Orchiectomy is the removal of the testicles.
The penis and the scrotum, the pouch of skin that holds the testicles, are left
intact. An orchiectomy is done to stop most of the body's production of
prostate cancer usually needs in order to continue
What To Expect After Surgery
Orchiectomy can be done as an
outpatient procedure or with a short hospital stay. Regular activities are
usually resumed within 1 to 2 weeks, and a full recovery can be expected within
2 to 4 weeks.
Why It Is Done
Orchiectomy may help relieve
symptoms, prevent complications, and prolong survival for
advanced prostate cancer. Radiation treatment is
sometimes needed also.
How Well It Works
Orchiectomy often causes the tumor
to shrink and relieves bone pain.
This surgery does not cure
prostate cancer, although it may prolong survival.
Orchiectomy causes sudden hormone changes in the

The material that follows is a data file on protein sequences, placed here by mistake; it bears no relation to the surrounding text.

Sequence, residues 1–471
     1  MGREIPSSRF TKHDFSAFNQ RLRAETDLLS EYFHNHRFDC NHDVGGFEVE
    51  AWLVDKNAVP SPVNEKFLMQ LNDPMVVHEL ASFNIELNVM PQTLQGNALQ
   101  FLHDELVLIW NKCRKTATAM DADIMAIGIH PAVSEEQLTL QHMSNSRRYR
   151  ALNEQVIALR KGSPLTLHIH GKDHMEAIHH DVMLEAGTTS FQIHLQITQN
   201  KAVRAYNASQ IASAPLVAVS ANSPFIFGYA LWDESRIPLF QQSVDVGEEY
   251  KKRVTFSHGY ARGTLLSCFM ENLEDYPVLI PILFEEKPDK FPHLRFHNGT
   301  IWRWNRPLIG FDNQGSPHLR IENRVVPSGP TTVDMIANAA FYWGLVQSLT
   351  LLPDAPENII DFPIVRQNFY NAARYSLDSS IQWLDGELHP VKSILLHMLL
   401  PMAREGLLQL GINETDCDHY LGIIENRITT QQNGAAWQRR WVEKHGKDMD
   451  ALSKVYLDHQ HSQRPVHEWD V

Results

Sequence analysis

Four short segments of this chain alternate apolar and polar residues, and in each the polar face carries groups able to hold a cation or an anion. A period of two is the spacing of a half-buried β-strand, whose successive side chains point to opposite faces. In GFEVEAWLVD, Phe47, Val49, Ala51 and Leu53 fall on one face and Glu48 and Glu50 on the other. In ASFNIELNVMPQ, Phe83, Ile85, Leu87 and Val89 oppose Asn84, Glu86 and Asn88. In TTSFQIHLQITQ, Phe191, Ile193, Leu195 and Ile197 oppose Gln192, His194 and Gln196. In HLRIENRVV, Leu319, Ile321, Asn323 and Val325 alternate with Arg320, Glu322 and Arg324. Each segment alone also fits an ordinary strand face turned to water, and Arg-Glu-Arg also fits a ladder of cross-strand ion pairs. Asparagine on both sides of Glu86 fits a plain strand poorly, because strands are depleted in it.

body. Side effects from hormone changes include:
- Loss of sexual
- Erection problems.
- Larger breasts (gynecomastia).
- Loss of muscle mass.
- Thin or brittle bones (osteoporosis).
What To Think About
Removing the testicles is one way
to cut down on testosterone and other male hormones, or
androgens. Taking medicine is another way to reduce
androgen levels in your body. Some men may prefer surgery over taking pills or
having injections. But if you choose to take medicine, you can stop taking the
hormone drugs. And the side effects from taking medicine may go away. An
orchiectomy is permanent.
Some men choose to have reconstructive
surgery after an orchiectomy, in which the surgeon replaces the testicles with
Complete the surgery information form (PDF)(What is a PDF document?) to help you prepare for this surgery.
|Primary Medical Reviewer||E. Gregory Thompson, MD - Internal Medicine|
|Specialist Medical Reviewer||J. Curtis Nickel, MD, FRCSC - Urology|
|Last Revised||June 28, 2010|